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Review, Analysis and Recordings Containing
Taita Inty
Taita Inty Monophonic Duophonic
Virgin of the Sun God or Hymn to the Sun  "This traditional Incan hymn dates back to 1,000 B.C. and is the musical keystone to Incan worship of the Sun God.  With the Spanish conquest and the attempt to convert the natives to Catholicism, this hymn was forbidden.  It not only was in conflict with church teachings but evoked such a deep emotional response in the people that it incited rebellion against the new authorities."  (Liner notes, 1956 re-pressing)   (Moisés Vivanco, Les Baxter - 2:57)
Recorded in 1950  

Review and Analysis of Taita Inty by Nicholas E. Limansky
From Yma Sumac - The Art Behind the Legend
used with permission - all rights reserved, © Nicholas E. Limansky
Read more on the Legacy of the Diva Web site!
"A hymn to the Sun - the religious chant sung in the temple of the Sun God by virgins of the temple" (Program notes for Austin, Texas concert, November 23, 1954)

This song was known by both titles listed above but was commonly called the "Hymn to the Sun."  It was very popular with audiences throughout Yma's career.  Critics were unanimous in their praise of the piece, finding it one of Yma's most attractive and effective pieces; dramatic and powerful.  Publicly "Taita Inty" differed from the virtuostic, operatic-like piece it is here, being more stark, more icily chilling; performed only to Moises' [Vivanco] guitar and Hernan's [Braña] percussive accompaniment.  The length differed as well.  The Capitol recording lasts 2:57.  In public, however, the song could last close to six minutes.  Yma's commercial recording of "Taita Inty" is a colorfully orchestrated condensation of what she performed in public.  When Yma sang the piece live, portions of "Wifala," an ancient, traditional Peruvian melody (or chant) in praise of the sun were always included.  It was not included on the Capitol recording.  The arpeggiated rise of Yma's voice in minor thirds to high E flat is also indigenous to Peru, being a traditional musical formula, instrumental in concept.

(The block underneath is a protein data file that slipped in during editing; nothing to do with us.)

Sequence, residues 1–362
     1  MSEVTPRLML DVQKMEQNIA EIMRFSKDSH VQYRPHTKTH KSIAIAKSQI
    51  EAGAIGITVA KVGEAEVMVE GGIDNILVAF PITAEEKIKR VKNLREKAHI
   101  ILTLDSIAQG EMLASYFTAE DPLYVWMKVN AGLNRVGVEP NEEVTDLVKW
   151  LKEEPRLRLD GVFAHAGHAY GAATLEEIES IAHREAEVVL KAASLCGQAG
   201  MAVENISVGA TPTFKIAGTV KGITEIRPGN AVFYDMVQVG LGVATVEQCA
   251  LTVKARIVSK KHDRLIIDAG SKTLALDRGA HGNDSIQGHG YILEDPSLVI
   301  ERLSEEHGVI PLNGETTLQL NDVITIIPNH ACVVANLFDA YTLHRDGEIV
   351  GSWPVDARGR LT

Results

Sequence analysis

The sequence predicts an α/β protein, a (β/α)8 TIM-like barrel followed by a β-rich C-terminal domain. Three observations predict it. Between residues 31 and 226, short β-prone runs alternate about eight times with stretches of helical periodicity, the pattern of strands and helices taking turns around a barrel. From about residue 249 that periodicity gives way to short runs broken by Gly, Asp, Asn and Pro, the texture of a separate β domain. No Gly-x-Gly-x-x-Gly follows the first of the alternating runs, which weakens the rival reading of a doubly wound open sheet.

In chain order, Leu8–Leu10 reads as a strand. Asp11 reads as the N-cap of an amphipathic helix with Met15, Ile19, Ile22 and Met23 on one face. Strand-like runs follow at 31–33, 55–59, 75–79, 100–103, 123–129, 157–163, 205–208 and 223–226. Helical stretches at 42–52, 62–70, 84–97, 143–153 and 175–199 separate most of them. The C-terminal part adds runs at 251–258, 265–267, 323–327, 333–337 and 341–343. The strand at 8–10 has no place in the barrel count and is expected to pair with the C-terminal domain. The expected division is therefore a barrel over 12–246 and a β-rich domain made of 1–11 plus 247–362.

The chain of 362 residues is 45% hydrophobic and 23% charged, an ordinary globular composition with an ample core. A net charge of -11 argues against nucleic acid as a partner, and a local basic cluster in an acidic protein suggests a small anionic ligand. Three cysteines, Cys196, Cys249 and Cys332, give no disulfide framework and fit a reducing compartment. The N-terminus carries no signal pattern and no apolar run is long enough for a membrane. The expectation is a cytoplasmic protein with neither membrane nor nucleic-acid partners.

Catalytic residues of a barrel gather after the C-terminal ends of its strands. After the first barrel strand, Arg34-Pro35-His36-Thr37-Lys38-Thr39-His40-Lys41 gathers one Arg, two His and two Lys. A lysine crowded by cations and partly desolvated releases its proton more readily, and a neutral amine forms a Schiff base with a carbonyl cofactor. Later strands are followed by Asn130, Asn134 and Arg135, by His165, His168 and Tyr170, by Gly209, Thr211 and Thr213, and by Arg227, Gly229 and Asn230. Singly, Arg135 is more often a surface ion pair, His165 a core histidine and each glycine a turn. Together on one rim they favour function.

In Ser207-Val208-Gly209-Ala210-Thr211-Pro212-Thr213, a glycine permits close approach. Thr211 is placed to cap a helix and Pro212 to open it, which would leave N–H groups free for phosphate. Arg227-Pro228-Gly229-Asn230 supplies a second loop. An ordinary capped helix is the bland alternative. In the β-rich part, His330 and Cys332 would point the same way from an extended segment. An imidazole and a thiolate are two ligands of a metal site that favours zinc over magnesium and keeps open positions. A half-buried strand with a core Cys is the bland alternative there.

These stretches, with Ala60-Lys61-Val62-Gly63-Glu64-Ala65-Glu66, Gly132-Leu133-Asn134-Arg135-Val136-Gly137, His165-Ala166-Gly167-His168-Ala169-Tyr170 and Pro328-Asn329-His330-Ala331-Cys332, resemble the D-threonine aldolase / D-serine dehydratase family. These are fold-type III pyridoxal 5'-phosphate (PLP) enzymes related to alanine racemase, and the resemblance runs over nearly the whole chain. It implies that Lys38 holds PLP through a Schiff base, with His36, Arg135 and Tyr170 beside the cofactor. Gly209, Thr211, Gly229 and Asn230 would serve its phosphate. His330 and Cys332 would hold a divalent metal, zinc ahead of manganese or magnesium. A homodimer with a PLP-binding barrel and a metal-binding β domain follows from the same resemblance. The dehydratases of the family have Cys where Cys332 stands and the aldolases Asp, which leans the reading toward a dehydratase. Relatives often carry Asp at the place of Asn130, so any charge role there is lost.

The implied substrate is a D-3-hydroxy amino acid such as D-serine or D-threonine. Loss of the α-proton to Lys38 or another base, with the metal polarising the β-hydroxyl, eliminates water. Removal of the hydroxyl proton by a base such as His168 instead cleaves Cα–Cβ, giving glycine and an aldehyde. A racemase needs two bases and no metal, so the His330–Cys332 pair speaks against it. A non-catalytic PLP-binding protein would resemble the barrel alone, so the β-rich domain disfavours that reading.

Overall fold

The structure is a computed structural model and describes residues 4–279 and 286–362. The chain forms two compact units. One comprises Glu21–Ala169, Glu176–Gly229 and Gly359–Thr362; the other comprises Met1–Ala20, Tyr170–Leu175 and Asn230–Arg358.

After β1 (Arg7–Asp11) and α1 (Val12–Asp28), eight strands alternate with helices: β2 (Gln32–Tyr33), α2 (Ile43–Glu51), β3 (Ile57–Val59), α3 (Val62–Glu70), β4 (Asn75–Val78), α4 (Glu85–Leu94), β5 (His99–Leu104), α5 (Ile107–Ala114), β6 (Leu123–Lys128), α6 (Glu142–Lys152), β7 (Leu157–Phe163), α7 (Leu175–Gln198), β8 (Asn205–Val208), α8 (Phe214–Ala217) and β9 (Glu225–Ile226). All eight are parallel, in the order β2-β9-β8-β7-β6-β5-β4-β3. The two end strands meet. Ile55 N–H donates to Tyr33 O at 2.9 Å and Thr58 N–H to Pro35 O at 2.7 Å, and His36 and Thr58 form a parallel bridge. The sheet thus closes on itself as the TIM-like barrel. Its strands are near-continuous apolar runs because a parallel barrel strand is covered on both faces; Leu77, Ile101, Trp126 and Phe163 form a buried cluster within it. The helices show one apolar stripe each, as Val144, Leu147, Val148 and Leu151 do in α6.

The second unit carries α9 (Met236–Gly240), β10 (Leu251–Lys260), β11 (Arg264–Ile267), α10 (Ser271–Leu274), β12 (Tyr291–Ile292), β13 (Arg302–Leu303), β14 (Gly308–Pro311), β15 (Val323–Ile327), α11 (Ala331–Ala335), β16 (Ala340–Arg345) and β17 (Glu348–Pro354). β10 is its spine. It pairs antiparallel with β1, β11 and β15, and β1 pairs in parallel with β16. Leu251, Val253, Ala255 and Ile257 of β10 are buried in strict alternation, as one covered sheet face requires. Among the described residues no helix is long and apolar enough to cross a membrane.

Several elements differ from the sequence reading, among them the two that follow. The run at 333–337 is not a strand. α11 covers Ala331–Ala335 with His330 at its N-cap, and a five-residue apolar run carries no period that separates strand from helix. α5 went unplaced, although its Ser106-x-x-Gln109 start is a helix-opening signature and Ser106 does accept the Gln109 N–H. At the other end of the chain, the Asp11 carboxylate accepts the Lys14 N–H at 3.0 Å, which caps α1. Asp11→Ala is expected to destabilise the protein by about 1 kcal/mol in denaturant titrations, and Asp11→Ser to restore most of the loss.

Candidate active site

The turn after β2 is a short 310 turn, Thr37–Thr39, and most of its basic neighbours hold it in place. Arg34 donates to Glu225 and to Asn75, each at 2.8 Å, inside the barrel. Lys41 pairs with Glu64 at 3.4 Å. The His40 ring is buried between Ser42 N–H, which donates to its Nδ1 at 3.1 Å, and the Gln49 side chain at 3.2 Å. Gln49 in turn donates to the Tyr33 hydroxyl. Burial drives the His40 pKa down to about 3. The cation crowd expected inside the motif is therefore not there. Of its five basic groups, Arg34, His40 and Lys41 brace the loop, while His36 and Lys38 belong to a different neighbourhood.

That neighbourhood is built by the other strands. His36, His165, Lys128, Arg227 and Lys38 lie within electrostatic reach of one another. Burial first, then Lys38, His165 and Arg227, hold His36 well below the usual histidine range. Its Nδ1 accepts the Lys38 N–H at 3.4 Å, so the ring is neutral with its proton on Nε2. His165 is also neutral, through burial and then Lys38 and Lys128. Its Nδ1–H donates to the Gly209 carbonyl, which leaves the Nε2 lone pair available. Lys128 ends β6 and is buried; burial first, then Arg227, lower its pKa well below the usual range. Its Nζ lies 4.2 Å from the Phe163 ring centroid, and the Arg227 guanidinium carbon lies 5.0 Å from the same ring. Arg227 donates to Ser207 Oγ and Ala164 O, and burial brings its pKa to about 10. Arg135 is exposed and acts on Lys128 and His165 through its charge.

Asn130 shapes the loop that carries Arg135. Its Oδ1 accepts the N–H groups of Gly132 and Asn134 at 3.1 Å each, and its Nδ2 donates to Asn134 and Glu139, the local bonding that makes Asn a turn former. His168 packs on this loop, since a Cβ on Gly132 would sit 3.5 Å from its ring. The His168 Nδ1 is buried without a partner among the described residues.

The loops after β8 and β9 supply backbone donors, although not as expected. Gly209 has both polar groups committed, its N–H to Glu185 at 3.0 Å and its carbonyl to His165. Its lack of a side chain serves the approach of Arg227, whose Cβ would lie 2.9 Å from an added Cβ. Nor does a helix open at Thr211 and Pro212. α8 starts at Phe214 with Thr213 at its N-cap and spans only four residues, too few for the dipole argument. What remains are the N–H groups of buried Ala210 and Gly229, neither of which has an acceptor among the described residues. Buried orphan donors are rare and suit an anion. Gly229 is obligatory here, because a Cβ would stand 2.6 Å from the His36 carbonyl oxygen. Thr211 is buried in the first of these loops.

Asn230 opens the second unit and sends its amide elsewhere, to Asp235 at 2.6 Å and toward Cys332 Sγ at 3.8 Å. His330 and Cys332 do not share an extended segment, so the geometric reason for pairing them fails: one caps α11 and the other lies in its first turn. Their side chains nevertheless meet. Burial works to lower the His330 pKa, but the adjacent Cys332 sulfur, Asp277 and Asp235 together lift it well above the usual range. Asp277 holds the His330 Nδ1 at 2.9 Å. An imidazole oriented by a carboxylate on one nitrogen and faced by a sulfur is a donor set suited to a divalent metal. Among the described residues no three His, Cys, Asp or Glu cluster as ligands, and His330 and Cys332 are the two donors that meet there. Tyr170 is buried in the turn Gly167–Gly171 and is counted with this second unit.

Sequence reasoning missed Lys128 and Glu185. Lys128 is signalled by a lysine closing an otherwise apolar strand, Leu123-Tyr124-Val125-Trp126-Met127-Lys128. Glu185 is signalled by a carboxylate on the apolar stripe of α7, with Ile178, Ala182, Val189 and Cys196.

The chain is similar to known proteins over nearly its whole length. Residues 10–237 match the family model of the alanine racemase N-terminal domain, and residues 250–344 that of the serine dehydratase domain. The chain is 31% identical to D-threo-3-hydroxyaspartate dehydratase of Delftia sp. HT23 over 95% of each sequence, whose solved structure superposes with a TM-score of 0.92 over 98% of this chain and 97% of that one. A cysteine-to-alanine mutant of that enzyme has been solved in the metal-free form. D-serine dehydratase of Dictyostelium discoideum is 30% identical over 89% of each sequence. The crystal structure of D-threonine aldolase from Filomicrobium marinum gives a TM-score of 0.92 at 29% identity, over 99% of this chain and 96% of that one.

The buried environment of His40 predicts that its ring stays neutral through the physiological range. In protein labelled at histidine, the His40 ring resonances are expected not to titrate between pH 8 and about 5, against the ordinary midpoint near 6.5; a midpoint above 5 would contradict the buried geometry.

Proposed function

The excessive number of high notes in this short piece demonstrates the comfortable height of Yma's instrument and the song's unusual difficulty.  Most operatic coloratura sopranos, even high note specialists would balk over such requirements.  For example it includes 16 high Fs (four times what is needed to sing the Queen of the Night's Vengeance aria from Mozart's Die Zauberflöt;te), 22 high Es, and 29 high Cs.

This orchestrated version of "Taita Inty" is a vocalise; vowels and consonants being used only for emphais, coloristic effects, or as resonance aids - like "loi" on the low E flat.  (The "o" of "loi" keeps the throat open, the larynx lowered and relaxed.)  Analyzed this way, "Taita Inty" is a revealing study of Yma's singing instincts.  Taken out of context and then re-applied, these aids can be of great value to singers specializing in more classical repertoire.